CHI is exploring other ways to collect data related to the overall burden of disease and experience of patients, combining these efforts with HIGR recruitment will provide a way to further characterize the burden of disease. Another limitation is that HIGR is currently only available in English. Therefore, the results may not be fully generalizable to all HI patients. However, plans are underway to include additional languages on the platform in the future.
In some cases, we report small numbers of cases, these are seen as individual vignettes of patient experiences that can act as a starting point to better understand the overall experience of living with HI. The HIGR team also has data validation and data quality standards to monitor the data’s reliability.
Implications for HI Patients and Research
The early results of the insights generated by the only patient-reported data source are consistent with the literature and other studies completed, including the genetics (1, 2), the reported side-effects of current medications (3, 20, 21), the timing and development of post-pancreatectomy diabetes (22, 23), and the neurological implications associated with prolonged hypoglycemia (2–4).
The number of respondents who reported an unspecified type of HI, even when radiology, medical management, or surgery provided more information about type, indicates that the nomenclature of HI is not universally adopted in the patient community. Focal versus diffuse is important for surgery, especially since focal HI can be cured with surgery, but overall, these types may not resonate with patients because of the heterogeneity of severity in the diffuse group. It is important to understand what patients call their disease and to understand the overall experience across and within subtypes, research that can be furthered through the registry and natural history studies.
Of the newborns in HIGR, 30.2% were born premature. Annually, 11% of babies are born preterm globally (24). Therefore, the rate of preterm babies is much higher in HIGR than worldwide. According to the World Health Organization (WHO), the average weight of a full term baby is 3.2 kg for girls and 3.3 kg for boys, with a range of 2.5-4 kg (25). Babies that weigh less than 2.5 kg are considered low birth weight, regardless of gestational age. In the general population this is bottom 3rd percentile of all babies, but in HIGR 12.4% of babies were under 2.5 kg. Babies over 4 kg are in the top 97th percentile and 30.0% of all HI babies were born over 4 kg.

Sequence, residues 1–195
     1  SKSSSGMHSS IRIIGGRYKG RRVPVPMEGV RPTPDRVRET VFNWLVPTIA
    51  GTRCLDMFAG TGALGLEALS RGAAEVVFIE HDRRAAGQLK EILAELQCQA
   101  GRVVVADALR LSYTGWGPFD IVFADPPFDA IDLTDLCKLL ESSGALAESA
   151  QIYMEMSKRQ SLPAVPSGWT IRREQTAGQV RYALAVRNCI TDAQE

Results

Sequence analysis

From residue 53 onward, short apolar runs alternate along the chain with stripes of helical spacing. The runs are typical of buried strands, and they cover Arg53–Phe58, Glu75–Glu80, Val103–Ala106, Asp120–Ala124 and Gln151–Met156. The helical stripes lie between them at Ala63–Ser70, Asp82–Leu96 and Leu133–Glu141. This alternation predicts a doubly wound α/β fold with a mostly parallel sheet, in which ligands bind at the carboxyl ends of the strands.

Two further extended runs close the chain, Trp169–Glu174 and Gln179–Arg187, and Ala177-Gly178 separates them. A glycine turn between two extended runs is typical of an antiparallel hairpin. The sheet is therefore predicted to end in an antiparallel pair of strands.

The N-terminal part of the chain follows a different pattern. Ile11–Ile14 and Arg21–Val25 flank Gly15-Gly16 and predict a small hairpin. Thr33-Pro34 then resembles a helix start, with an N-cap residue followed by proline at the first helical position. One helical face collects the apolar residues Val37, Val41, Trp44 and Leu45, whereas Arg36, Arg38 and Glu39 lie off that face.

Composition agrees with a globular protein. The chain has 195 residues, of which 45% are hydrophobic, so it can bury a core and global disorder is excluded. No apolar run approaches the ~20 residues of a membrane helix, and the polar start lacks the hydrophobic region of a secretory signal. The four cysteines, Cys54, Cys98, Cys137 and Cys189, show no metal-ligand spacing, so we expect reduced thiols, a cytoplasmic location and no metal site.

Additionally, this patient reported research adds many insights to the existing literature and provides new insights for timely diagnosis. Although babies born with HI were within the average weight ranges outlined by WHO, overall, they were on the higher end of the spectrum. In many hospitals, low weight and high weight babies may have their blood sugar screened, however, 50% of normal weight baby participants who were later diagnosed with HI did not have a blood glucose test before leaving the hospital. That normal weight babies in the general population are not typically screened at birth for low blood sugar increases the likelihood of neurologic sequelae and death in those born with HI. Furthermore, 33.9% of respondents reported hospitalization readmission for symptoms of hypoglycemia prior to diagnosis. Adopting the concept of blood sugar as a vital sign will help identify those newborns experiencing hypoglycemia. This is especially critical as 28.4% of newborns with HI in HIGR had no known risk factors of hypoglycemia before leaving the birthing facility.
HIGR also illuminates the on-going fluctuations in care during the transition from hospital to home and points to some of the reasons for these changes. It is revealing that only 19.4% of participants reported having a fasting study before leaving the birthing facility. Even for the individuals who had a fasting study, 66.7% required a change in management within three months. HIGR also shows the limits of in hospital fasting; 35.8% of individuals do not believe their in-hospital fasting experience was reflective of their experience at home.
After hospitalization, including for surgery, many respondents report a change in medical treatment within a few months of discharge, with 51.6% reporting a change within three months post-pancreatectomy and 65.2% reporting a change in medical treatment within three months of discharge from the hospital. This shows a need to prepare HI families for the on-going challenges of managing HI after they are discharged from the hospital and the need for constant vigilance by patients and families to monitor the patient’s condition.
The burden of finding a proper diagnosis and a successful disease management regime is reflected in the length of hospitalizations (three weeks or longer for over 62.2% of individuals) and the number of hospitalizations (three or more hospitalizations for 8.7% of all individuals). The burden of hospitalization is an on-going issue for individuals with HI, with 40.1% of respondents reporting at least one hospitalization within the past 12 months directly related to blood sugar.
One implication of the registry data is the need for new innovative treatments, as indicated by the reported side effects of current medications and the continued hypoglycemia among participants. One current categorization of HI in the literature is diazoxide responsive or diazoxide unresponsive; however, respondents report 32% of participants currently taking diazoxide experience low blood sugar below 70 mg/dL (3.9 mmol/l, 0.7g/L) multiple times a week or more frequently. This challenges the concept of diazoxide responsive and underscores the need for new options for medical management. Additionally, of 107 participants, 14.0% (n=15) had to stop taking diazoxide due to adverse effects.